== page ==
Ed Davey

Tue, 2015-01-27 03:21Kyla Mandel
Kyla Mandel's picture

MPs Overwhelmingly Reject Moratorium on Fracking

Fracking lives to see another day in Britain as MPs overwhelmingly reject a proposal to place a moratorium on hydraulic fracturing for shale gas.

A mere 52 MPs voted in favour of the amendment to the controversial Infrastructure Bill yesterday. The vote follows a report released earlier that day by the cross-party House of Commons Environmental Audit Committee calling for a ban on fracking due to the risks it poses to Britain’s efforts to tackle climate change.

The amendment was voted down by 308 MPs including the Under Secretary of State at the Department of Energy and Climate Change (DECC), Amber Rudd, and DECC Secretary of State, Ed Davey, demonstrating their steadfast support of the nascent industry in face of rapidly mounting public and political opposition.

Thu, 2015-01-08 03:00Kyla Mandel
Kyla Mandel's picture

Davey Warns Paris Climate Deal ‘Won’t Be Ambitious Enough’

A new deal to tackle climate change expected to be agreed in Paris in December is unlikely to prevent dangerous climate change, energy secretary Ed Davey has warned.

Davey said he fears the climate talks will not secure ambitious enough commitments from political leaders to limit warming to 2°C, the temperature threshold which countries have agreed in attempt to prevent dangerous climate impacts such as drought, floods and sea level rise.

The objective for Paris is to keep the two degree limit within reach,” the secretary of state candidly told MPs on the parliamentary Energy and Climate Change Committee. “I am not expecting, with regret, the commitments we’ll see in the Paris agreement will get us to two degrees, unfortunately.”

Thu, 2015-01-01 00:01Richard Heasman
Richard Heasman's picture

Fracking in the UK: What to Expect in 2015

The current UK coalition government has overseen the greatest fossil fuel boom since the discovery of North Sea oil, but the controversy that surrounds shale has made it an interesting factor in the run-up to this year’s general election. Here’s what to expect.

More Fracking

The government has shown absolutely no evidence that it is willing to slow down its committed march towards the commercial development of shale gas.

For example, the House of Lords recently approved amendments to the infrastructure bill which, amidst heavy public resistance, will allow fracking companies to extract shale from right underneath people’s homes. This has since been quietly passed onto the House of Commons and gained its first reading on 20 November.

Mon, 2014-12-01 04:34Kyla Mandel
Kyla Mandel's picture

What Can We Expect From the Lima Climate Talks?

The pressure is on for leaders to move forward on climate change as delegates descend into Peru for the two-week UN climate change conference in Lima today.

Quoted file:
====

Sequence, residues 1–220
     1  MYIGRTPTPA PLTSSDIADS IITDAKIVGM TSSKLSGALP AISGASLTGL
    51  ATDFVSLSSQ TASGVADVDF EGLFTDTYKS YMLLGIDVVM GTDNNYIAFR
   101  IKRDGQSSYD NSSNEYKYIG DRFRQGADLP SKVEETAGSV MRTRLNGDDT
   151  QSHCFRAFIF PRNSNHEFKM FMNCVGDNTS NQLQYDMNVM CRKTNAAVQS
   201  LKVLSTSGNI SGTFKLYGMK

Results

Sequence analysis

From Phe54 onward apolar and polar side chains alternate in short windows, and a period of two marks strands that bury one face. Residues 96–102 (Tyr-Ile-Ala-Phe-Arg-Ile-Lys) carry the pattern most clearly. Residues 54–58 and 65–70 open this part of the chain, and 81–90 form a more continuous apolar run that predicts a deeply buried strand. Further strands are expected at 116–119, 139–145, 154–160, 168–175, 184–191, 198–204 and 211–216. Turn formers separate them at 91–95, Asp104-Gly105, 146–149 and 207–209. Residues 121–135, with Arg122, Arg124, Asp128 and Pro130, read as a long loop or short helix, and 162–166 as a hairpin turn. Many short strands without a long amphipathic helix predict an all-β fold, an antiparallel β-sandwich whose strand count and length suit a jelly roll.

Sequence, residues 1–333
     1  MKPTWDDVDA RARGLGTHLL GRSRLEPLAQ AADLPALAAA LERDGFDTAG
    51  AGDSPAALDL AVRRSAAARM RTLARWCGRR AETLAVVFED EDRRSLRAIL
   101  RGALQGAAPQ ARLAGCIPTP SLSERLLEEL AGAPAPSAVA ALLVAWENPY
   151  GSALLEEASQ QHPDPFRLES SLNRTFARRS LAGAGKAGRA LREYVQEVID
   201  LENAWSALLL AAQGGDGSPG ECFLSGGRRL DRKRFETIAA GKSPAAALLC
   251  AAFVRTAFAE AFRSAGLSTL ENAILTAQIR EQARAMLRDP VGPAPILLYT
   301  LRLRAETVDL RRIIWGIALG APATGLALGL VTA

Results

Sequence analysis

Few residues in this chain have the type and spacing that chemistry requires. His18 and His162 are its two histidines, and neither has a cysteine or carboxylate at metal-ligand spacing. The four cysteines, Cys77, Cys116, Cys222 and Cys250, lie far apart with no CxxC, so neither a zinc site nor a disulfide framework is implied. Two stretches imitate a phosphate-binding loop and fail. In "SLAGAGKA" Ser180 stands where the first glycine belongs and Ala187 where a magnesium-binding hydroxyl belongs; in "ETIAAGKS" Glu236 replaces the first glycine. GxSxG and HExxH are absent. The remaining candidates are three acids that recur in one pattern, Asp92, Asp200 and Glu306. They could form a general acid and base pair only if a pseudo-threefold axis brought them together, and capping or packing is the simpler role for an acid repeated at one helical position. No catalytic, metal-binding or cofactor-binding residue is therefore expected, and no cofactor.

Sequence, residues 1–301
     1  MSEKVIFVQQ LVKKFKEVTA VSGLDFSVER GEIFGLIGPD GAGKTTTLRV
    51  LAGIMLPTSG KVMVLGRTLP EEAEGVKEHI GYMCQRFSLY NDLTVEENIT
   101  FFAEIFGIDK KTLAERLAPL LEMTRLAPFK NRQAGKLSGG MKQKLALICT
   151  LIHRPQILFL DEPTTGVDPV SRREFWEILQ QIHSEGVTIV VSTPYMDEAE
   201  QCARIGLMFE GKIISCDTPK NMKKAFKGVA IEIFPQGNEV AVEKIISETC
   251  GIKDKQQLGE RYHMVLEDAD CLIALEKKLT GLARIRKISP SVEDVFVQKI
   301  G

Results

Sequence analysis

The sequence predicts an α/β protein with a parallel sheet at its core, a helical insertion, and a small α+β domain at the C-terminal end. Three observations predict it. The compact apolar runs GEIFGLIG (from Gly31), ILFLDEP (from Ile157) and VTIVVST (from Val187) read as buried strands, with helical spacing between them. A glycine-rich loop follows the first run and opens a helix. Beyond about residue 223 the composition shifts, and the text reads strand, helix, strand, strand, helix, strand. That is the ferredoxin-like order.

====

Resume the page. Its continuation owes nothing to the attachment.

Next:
Diplomats are calling these negotiations “the best chance in a generation of striking a deal on global warming” according to the Guardian, with the US and China’s commitment to work together on carbon pollution bringing fresh momentum.

There is some cautious optimism,” said Leo Hickman, WWF’s chief advisor on climate change. “Things feel different than they did six months ago, one year ago, so we don’t want to puncture that.”

Wed, 2012-12-05 10:36Steve Horn
Steve Horn's picture

Fracking Making Its Way Toward the UK

To date, opposition to hydraulic fracturing (“fracking”) for unconventional oil and gas in the United Kingdom (UK) has been fierce. The opposition, though, seems to be meeting deaf ears in England, according to recent news reports. 

Bloomberg reported on Dec. 4 that England's Energy Secretary, Ed Davey, wants to lift the country's currently exisiting moratorium on fracking. The halt was put in place after drilling sites owned by Cuadrilla Resources caused two minor earthquakes in northwestern England in November 2011.

England's Chancellor of the Exchequer (a position equivalent to the Secretary of the Treasury in the United States), George Osborne, is set to release Britain's new energy plan on Dec. 5 and told Bloomberg he wants to ensure “Britain is not left behind” in the unconventional oil and gas boom.  

“Cuadrilla estimates that the area it is exploring in Lancashire, in northwestern England, could contain 200 trillion cubic feet of gas—more gas than all of Iraq,” explained Bloomberg. John Browne, the scandal-ridden former CEO of BP, sits as the Chairman of the Board of Directors of Cuadrilla. 

Osborne, The Independent recently reported, will also offer tax breaks to oil and gas corporations hungry to profit from England's shale gas prize. 

“Mr. Osborne hopes that tax breaks for shale gas extraction will encourage investors and help economic growth,” The Indepedent wrote. “Oil and gas are currently taxed at between 62 per cent and 81 per cent. Shale gas would be taxed at lower rates.”

An astounding 64-percent of the English countryside could soon be subject to fracking, which is over 34,000 square miles, according to The Independent

Subscribe to Ed Davey